It’s All About Baby Teeth
Your baby’s first teeth are just as important as their permanent teeth. These tiny teeth help your baby chew and speak and they hold space in the gums for the permanent teeth.
These ‘baby teeth’, or ‘primary teeth’ start forming inside the gums before birth, and usually erupt at around 6 months old, but they can erupt a lot earlier or later than this too. Usually by about 2-3 years of age, a toddler will have all 20 primary teeth.
Your baby’s first dental visit should be at about 12 months, so we can have a look at the tooth eruption progress, and check on oral hygiene, and diet, and answer any questions you might have. Even if we don’t get a look inside, this first visit is a very important one.
‘Teething’ refers to the eruption of baby teeth, which is usually accompanied by some degree of discomfort and irritability. Some signs and symptoms include:
- Frequent crying and crankiness
- A mild fever
- Reddened cheeks and drooling
- Mild diarrhoea
- Sucking or gnawing on toys or anything!
- Pulling the ear on the same side as the erupting tooth
To help relieve teething discomfort, some recommendations include:
- Wash your hands then gently rub baby’s gums with your finger
- Use a fridge chilled teething ring for baby to chew on or wet washcloth to bite
- Non-sweetened rusks
- NEVER give aspirin to a baby or child
- Speak to a pharmacist before using any pain relief medications for babies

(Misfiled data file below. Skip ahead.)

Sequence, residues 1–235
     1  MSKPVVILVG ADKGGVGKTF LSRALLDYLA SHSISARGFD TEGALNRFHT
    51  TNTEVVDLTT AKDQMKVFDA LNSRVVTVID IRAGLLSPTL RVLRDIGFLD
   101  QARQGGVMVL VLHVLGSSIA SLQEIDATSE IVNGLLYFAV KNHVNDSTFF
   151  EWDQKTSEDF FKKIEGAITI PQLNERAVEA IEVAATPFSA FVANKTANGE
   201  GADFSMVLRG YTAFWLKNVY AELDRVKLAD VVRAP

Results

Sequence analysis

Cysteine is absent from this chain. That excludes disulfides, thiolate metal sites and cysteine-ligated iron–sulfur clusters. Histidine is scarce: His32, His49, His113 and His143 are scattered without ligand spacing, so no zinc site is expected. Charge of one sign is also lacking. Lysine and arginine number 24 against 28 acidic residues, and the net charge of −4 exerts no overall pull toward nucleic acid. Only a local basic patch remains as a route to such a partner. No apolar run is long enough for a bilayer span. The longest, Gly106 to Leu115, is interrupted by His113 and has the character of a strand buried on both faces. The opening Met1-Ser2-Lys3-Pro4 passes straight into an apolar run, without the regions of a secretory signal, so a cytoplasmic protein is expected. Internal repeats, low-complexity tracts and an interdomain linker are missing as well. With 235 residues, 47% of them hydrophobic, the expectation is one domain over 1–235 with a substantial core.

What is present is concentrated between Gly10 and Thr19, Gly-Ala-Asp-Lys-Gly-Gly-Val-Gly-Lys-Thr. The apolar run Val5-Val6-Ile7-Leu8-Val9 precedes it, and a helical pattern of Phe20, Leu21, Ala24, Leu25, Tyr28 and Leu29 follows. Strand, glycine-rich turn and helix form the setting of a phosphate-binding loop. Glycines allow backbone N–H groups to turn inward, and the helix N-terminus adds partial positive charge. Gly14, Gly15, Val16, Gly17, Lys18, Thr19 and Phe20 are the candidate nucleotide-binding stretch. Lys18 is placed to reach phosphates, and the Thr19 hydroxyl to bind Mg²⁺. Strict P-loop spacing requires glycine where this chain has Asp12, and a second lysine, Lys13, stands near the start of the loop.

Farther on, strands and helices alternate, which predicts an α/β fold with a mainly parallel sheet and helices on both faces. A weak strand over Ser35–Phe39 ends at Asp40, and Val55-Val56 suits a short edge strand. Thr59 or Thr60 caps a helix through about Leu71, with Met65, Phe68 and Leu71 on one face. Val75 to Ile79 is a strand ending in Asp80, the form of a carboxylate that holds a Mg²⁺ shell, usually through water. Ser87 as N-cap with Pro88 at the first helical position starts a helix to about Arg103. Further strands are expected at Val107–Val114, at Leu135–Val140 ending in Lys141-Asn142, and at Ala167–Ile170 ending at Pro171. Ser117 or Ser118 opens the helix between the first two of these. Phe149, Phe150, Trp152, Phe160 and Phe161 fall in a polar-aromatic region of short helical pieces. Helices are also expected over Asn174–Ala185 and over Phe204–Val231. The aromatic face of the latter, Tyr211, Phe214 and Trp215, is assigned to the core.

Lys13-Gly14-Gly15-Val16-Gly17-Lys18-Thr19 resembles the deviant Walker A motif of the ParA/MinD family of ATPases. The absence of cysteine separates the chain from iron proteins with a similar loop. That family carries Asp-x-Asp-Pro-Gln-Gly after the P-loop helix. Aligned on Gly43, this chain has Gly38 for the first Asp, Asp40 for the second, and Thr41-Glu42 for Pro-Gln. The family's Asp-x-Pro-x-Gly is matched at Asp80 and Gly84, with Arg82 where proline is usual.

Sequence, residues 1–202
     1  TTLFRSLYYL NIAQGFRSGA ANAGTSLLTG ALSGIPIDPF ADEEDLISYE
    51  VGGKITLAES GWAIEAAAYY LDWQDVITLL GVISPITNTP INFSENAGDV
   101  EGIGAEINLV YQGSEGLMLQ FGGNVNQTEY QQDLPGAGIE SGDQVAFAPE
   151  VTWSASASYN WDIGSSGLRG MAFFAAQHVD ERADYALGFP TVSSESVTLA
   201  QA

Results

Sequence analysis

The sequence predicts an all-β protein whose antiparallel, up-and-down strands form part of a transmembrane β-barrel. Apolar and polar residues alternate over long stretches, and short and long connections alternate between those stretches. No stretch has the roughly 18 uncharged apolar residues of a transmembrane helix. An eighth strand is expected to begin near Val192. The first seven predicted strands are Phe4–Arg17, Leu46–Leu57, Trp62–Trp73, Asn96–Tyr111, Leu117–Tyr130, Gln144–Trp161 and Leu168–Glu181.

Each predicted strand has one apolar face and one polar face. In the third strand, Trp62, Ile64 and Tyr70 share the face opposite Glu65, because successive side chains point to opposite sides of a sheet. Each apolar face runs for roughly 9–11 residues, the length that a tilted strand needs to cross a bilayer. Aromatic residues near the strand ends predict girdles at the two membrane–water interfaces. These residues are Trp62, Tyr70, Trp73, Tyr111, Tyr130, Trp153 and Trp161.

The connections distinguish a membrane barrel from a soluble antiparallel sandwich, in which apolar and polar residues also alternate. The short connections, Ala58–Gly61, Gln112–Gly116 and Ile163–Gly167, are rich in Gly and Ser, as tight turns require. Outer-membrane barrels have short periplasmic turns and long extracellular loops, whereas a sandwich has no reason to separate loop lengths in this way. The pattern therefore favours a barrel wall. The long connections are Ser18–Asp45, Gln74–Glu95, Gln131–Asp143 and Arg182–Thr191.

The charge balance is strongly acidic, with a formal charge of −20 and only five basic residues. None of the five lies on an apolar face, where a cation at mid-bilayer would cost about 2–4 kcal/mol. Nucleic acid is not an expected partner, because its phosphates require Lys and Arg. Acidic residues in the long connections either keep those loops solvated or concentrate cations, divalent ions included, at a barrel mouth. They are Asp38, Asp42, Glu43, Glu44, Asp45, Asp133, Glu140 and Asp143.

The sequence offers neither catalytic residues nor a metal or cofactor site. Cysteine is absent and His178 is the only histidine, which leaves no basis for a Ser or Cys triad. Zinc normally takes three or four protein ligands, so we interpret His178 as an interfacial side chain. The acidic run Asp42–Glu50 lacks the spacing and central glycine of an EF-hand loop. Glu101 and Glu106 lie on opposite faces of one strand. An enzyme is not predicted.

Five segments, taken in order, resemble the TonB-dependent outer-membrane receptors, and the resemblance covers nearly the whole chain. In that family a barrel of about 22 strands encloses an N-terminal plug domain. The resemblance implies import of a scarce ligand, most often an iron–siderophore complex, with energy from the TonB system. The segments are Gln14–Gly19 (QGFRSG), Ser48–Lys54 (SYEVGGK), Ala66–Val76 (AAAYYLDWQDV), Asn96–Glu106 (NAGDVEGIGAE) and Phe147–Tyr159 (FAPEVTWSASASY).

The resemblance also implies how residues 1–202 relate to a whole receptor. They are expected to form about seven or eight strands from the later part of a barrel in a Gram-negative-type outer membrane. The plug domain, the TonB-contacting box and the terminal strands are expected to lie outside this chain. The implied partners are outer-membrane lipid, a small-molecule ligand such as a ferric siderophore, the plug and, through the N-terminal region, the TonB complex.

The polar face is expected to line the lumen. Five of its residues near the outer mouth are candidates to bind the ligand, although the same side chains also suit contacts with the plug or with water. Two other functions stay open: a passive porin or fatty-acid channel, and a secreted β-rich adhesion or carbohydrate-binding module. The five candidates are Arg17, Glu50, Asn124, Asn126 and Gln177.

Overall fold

What about thumb sucking?
Thumb sucking is a natural reflex in babies and toddlers, and most lose interest in it by the time they are 2 to 4 years old.
However, children who continue to suck their thumb or fingers after their permanent teeth have erupted can develop quite crooked teeth and even jaw development changes which can cause speech defects also.
Some suggestions to help stop thumb sucking include:
- Wrap strapping tape around the digit that is sucked
- Nail biting liquid
Are Dummies Any Better?
If dummies are allowed to be used into the permanent teeth stage, then they will have the same outcome as prolonged sucking of thumbs and fingers.
However, the best thing about a dummy is that it can be removed forever before 12 months ideally, and the todd
ler easily forgets about it in a few days. Even at 2 to 4 years old, a dummy can be ‘given to Santa’ or ‘given to the Easter Bunny’ or even ‘given to the rubbish truck!’ Then they are gone forever, and the toddler can then move on.
Good Habits for Life, Good Teeth for Life
Decay is just as much a risk in babies and toddlers as in children and adults, so caring for your baby’s teeth needs to begin at birth. To make sure your child has healthy teeth for life, make sure you establish good oral hygiene habits early.
How to Brush Your Baby’s Teeth
Baby’s very first teeth can be wiped with a cloth, or brushed with a special toothbrush for babies which has a very small head and rounded bristles to gently massage their teeth and gums. This should be done once a day until 18 months old, with no toothpaste, just fluoridated tap water. The bath is often a fun place for this.
Once your toddler is about 2 years old, twice a day brushing should be introduced, as well as special age appropriate low-fluoride toothpaste. Just a smear is all you need.